BlackBerry has a reputation for developing really secure phones using its BB operating system, so when it announced that the Priv Slider would be running on Android, it threw the market for a bit of a loop.

BlackBerry’s Nader Henein, responsible for advanced security solution in the Advisory Division, speculated to htxt.africa that even though it is the company’s first Android phone, it probably won’t be its last – give the cost of the licence to use Android.

“It wouldn’t be a once-off (thing). [The license to use Android] is too expensive and it is a mass market product – it is for consumers, it is for enterprise, and is really for anyone who likes the keyboard and the versatility of the operating system,” he said.

He added that Google has been supportive of BlackBerry’s decision to release an Android phone, and it allowed them to make the OS as secure as any BlackBerry phone would be.

“I like the Android OS because it allows us to secure it properly,” he said. “It is an open OS and Google has been extremely supportive because they have been, whether rightfully or wrongfully, accused over the years of not putting in sufficient privacy and security controls, and getting BlackBerry to put their name and reputation behind that, is a massive step for the Android ecosystem.”

In terms of adapting Android to Blackberry devices, he explained that the company has added privacy features for individuals and security features for enterprise.

Has the move from BB10 to Android signalled a shift away from the Blackberry’s traditional OS? Possibly, but Henein was cautious about confirming this.

“I think it is just the next thing. A lot of times the evolutionary steps seems like shifts away from a more traditional or comfortable space, but nothing interesting happens inside your comfort zone,” he said. “Is Android out of our comfort zone? Sure, it is not our common space, but it is definitely something that we believe a lot of customers are going to look at and appreciate.”

Even though it (and future phones) runs on Android, Henein believes that users will still see the BlackBerry’s DNA throughout.

“It’s not just an Android device, it is an Android device with a beating BlackBerry heart beneath the surface.”

BlackBerry actually has a lot riding on the success of the Priv, as Henein quips that “you are only as good as your most recent product, which is very true in this industry.”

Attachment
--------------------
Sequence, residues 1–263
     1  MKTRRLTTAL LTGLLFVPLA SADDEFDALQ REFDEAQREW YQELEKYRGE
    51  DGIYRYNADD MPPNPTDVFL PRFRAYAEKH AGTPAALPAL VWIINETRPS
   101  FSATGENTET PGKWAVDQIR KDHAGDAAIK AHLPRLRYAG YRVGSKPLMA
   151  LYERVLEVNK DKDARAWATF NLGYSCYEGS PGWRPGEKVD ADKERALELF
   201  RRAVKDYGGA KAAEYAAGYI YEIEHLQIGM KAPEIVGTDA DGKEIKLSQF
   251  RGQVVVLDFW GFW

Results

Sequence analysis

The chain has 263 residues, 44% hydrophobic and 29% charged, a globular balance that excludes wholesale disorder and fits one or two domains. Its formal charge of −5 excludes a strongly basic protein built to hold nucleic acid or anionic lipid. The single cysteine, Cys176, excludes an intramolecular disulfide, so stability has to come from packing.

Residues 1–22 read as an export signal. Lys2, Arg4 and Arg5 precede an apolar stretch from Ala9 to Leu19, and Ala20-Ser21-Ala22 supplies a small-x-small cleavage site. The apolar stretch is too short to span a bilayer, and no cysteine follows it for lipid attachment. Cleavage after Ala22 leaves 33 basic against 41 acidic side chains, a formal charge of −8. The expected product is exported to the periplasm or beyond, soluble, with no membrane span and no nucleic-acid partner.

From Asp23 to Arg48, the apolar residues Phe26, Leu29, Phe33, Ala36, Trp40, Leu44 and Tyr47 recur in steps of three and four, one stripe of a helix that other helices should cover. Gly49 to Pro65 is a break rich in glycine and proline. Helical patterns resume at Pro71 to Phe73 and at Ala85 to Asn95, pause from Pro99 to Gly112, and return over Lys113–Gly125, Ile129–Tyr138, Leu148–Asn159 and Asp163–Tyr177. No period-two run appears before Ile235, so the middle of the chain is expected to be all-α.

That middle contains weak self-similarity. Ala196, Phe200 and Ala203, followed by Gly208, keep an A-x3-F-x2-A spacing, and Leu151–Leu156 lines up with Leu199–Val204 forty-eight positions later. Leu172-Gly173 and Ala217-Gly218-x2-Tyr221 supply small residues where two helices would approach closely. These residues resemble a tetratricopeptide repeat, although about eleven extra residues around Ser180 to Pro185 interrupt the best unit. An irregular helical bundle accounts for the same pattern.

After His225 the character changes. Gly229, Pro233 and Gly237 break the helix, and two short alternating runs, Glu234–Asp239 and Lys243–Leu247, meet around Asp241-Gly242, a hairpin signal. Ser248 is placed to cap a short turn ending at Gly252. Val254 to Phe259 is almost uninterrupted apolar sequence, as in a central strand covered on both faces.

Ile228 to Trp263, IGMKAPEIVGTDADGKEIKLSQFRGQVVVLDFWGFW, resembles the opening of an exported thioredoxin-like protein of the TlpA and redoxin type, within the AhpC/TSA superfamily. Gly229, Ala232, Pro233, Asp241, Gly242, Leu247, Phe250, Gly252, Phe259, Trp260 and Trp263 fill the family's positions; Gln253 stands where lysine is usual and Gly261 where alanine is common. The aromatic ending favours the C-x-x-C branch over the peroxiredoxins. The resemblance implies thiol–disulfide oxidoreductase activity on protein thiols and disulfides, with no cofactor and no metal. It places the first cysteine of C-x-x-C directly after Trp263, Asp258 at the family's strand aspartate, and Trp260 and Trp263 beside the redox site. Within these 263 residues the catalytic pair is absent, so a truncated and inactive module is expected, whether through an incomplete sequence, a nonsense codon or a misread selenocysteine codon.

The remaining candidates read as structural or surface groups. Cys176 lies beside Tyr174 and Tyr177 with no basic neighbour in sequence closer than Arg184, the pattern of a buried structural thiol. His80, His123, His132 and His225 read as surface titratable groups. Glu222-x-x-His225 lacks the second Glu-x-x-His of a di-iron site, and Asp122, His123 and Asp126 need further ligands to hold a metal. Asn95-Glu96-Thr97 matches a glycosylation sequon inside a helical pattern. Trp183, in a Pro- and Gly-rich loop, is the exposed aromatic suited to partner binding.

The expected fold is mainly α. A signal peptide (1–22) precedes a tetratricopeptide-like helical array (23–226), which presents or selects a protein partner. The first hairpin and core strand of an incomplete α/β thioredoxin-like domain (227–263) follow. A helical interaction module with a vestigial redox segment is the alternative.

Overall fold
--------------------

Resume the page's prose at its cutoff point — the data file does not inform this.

The Canadian-based company has been fairly stable and successful over the last couple of years, but on the consumer front the brand has definitely taken a dip in popularity.

At one stage, Blackberry was voted the best smartphone for the youth a number of years in a row. However, it barely features in any kind of poll now, BlackBerry is hoping to reclaim that throne.

Without grouping BlackBerry into that statement, Henein was quick to give the company pitch that the Priv is a “beautiful piece of hardware, and it has beautiful software on the inside.”

But then again, as he said, you are only as your latest phone.

“This is top of the line, where we are saying ‘look at what we can do’. Obviously with the success of this device, you’ll see a lot more coming.”

But BlackBerry has always had a bit of a knack for developing features that its users really enjoy, like the physical keyboard. It’s banking on that sort of creativity again to drive the success of its future devices.

“You can’t be everything for everyone, and you shouldn’t try to be – that is a recipe for failure,” said Henein. “You should try to focus on the target market, attack it and grow from there.”

Henein isn’t involved in the development of future BlackBerry models, and his comments on further Android-based BlackBerry smartphones are based on his own opinion.

[Image – BlackBerry]
Charlie started his professional life as a motoring journalist for a community newspaper in Mpumalanga, Charlie explored different journalistic angles since his entry into the fast-paced world of publishing in 2006. While fostering a passion for the arts, Charlie developed a love for technology – both which allowed him to serve as Entertainment and Technology Editor for an online publication. Charlie has since been heavily involved in consumer technology for various websites and publications. He thoroughly enjoys World War II films and cerebral documentaries; aviation; photography and indie music. Oh yes, and he also has a rather strange obsession with collecting coffee mugs from his travels.